Soaring syphilis rates making workload unmanageable and affecting quality of care, say nurses
Letter from public health nurses cites 1,000% increase in infections since 2013
The ongoing syphilis outbreak in Winnipeg is becoming a serious cause for concern for public health nurses, who say they're dealing with a 1,000 per cent increase in infections since 2013.
In a letter to Minister of Health Cameron Friesen, nurses wrote the scarcity of resources and support to combat the growing epidemic have led to a drop in the quality of care patients are receiving.
"This has been a concern that the nurses have been voicing for a very long time, they've brought it to their employer, they brought it to their directors and just feel that the situation is now at a point where they have to bring the situation further," said Darlene Jackson, president of the Manitoba Nurses' Union.
Earlier this month, the Winnipeg Regional Health Authority confirmed the city is on pace to shatter the mark reported in 2018 of 400 infectious syphilis cases, with that number projected to surpass 600 this year.
In the letter, nurses cited "ineffective outbreak management" and a slowed response to the crisis which has amounted to unmatchable standards of care.
The letter also noted there have been no increases in staffing levels since 2013 and said the the increasing number of cases have made it tougher to follow and adhere to the quality of care laid out in clinical and provincial practices.
"There's just not enough nurses and so what's happening is if we're not catching them, or we're not treating them, that infection is just continuing to be spread out there and the problem is just getting bigger all the time," said Jackson.
For months, the WRHA has publicly stated the outbreak is largely affecting people who live in the inner city or methamphetamine users, but that problem is more complex then it seems.
"You have to find every contact that they've had — every sexual contact or any contact that they may have exchanged blood or body fluids with. [Then] you have to track those contacts and they have to be tested and either treated and if they are positive then you've got to find all of their contacts," said Jackson. "We're not talking about one person that is infected — we may be talking about 30 or 40."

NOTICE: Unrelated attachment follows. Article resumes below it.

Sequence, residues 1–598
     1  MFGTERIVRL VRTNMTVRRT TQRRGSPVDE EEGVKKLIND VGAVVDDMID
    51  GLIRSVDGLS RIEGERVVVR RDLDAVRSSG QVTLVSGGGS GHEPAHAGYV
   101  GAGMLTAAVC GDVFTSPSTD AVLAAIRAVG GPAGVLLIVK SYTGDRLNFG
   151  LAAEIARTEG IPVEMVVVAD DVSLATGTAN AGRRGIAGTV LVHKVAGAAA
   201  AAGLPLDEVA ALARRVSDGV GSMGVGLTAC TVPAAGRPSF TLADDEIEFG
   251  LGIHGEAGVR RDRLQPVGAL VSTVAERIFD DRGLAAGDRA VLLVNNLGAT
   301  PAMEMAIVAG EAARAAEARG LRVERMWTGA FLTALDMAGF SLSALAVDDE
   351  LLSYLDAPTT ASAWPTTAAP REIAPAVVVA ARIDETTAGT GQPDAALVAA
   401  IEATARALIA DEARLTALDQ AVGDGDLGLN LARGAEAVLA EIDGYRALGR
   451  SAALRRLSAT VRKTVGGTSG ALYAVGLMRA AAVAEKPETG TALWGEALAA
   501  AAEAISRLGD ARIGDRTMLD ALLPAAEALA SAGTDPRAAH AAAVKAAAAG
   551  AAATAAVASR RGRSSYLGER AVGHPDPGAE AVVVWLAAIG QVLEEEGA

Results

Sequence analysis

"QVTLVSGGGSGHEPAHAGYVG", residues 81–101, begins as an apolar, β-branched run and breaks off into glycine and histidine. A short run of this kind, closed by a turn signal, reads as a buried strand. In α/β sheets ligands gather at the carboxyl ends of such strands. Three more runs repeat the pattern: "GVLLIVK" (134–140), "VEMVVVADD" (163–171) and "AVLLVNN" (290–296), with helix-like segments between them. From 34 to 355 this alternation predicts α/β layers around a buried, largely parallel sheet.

The nurses wrote that most of the clients they're seeing are often transient with unstable housing and battling mental health and substance issues.
Friesen said they understand the population they are dealing with, and they are doing their best to try to get through to them.
"At this time there's a lot of creativity and innovation being used to being able to use resources in new ways to make contact, [with] difficult to reach sub-populations," said Friesen.
In the letter, the nurses state the current workload is not manageable, and that with every case they're spending a laborious amount of time trying to track down potential cases of syphilis, but are yet to see any increase in manpower.
NDP Opposition Leader Wab Kinew said the government is to blame for the lack of nurses readily available to offset the crisis.
"They can't uphold their clinical guidelines, which essentially means that they're concerned that they can't deliver the quality of care that patients deserve given their current situation," said Kinew. "So all this seems to be another example of the provincial government's cuts impacting the quality of care for patients."
Friesen said he plans to leave the decision to increase staffing up to Dr. Michael Isaac, acting chief provincial public health officer, on whose advice he said the province has already increased resources to battle the ongoing epidemic.
"These are not our challenges alone. In fact, these same trends are being seen across Canada, in many parts of the U.S. Midwest, nevertheless we must respond and we are responding," said Friesen.
Friesen previously stated that they are looking at new avenues to help those at risk, but didn't clarify what those would be.
With files from Ian Froese